6 hospital ransomware attacks in 24 hours prompts US advisory: 8 things to know

Ryuk ransomware hit at least six U.S. hospitals in 24 hours this week, prompting the federal government to warn healthcare providers about the threat, according to The Washington Post.

Eight things to know:

1. The ransomware attacks began on Oct. 26 and have hit hospitals from New York to California. The FBI, the HHS and the Cyber Security and Infrastructure Security Agency under the Department of Homeland Security said there was "credible information of an increased and imminent cybercrime threat to U.S. hospitals and healthcare providers" in their Oct. 28 joint advisory.

2. The federal government did not release the names of the hospitals, but Klamath Falls, Ore.-based Sky Lakes Medical Center and St. Lawrence Health System in Upstate New York self-identified as victims of ransomware attacks Oct. 27.

3. The New York Times reported that a list of more than 400 targeted hospitals has been circulating among the Russian hackers, who claimed to have infected more than 30 hospitals on the list already.

4. The ransomware is often distributed by Trickbot, according to the article. In recent weeks, Microsoft reported taking down Trickbot servers through federal court orders with the goal of preempting ransomware attacks, but the Trickbot infrastructure has since changed.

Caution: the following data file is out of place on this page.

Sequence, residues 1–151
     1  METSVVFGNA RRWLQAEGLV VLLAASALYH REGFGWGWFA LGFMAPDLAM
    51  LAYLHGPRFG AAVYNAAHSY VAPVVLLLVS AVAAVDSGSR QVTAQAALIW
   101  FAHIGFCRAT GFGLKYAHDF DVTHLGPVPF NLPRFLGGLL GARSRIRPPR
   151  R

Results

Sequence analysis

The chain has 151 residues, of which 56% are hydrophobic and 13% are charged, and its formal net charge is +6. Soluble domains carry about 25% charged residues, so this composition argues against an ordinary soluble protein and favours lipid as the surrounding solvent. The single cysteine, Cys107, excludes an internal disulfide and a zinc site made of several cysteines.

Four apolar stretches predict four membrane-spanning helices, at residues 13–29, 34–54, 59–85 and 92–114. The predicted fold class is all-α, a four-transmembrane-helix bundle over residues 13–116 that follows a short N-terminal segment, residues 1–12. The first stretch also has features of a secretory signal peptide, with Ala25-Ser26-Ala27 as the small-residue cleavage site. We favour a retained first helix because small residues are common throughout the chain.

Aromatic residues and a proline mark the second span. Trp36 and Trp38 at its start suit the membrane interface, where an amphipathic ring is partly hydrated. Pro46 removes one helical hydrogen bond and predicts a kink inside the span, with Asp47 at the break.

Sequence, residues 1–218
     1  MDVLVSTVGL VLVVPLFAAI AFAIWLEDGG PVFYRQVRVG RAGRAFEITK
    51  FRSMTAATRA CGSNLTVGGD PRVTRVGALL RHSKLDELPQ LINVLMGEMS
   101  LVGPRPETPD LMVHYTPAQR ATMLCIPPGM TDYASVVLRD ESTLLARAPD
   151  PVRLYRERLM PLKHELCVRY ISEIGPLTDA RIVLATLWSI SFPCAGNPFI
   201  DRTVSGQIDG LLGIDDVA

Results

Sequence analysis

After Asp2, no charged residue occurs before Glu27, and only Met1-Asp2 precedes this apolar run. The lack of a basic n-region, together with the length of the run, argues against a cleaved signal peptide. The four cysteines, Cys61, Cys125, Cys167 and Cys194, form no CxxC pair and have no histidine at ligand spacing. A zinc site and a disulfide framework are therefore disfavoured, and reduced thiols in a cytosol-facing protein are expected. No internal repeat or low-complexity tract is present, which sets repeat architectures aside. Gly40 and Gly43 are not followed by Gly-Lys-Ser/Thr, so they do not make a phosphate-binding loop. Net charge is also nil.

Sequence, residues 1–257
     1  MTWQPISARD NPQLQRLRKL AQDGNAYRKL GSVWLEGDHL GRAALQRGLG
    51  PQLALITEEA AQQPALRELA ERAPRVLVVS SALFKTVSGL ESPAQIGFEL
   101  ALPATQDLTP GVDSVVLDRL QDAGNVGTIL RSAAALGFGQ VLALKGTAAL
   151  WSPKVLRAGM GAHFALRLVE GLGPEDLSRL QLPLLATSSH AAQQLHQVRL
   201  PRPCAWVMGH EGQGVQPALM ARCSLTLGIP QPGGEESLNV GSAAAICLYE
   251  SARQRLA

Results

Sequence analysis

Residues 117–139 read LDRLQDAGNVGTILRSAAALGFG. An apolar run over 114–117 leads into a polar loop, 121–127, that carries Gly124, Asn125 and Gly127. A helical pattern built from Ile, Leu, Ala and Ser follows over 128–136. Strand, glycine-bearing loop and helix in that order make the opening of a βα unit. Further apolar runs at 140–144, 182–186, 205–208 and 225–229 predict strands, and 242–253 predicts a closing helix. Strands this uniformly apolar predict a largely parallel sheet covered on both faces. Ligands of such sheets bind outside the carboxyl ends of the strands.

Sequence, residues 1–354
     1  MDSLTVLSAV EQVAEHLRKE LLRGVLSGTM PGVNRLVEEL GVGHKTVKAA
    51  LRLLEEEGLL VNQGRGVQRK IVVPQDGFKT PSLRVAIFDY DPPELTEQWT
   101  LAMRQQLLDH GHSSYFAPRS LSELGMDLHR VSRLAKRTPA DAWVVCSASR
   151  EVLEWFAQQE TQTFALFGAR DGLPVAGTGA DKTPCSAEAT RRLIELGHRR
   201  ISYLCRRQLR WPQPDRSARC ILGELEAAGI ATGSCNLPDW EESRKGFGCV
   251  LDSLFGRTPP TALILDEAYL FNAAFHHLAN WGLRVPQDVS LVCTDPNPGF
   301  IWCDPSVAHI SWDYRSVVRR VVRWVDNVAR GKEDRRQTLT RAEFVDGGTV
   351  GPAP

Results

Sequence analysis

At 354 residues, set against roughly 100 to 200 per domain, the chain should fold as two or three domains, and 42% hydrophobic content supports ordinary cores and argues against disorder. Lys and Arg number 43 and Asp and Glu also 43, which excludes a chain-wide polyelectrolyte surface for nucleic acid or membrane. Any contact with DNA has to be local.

5. The hackers have demanded more than $1 million from the unnamed hospitals and in one instance demanded the equivalent of $5 million in Bitcoin from a private clinic. The hackers are known to set the ransom at 10 percent of the organization's annual income, according to The Times.

6. Some hospitals have paid the ransom to unlock their systems, according to The Post.

7. The federal government told hospitals and healthcare providers to boost protection networks, ensure software updates are made, back up data and monitor access to their systems closely, according to NPR.

8. Hospitals typically take their IT systems offline when ransomware is identified and revert to downtime protocols, which include paper records. In some instances, hospitals have diverted ambulances during the downtime and postponed elective procedures and services.

To learn more about Ryuk and ransomware mitigation steps, click here.


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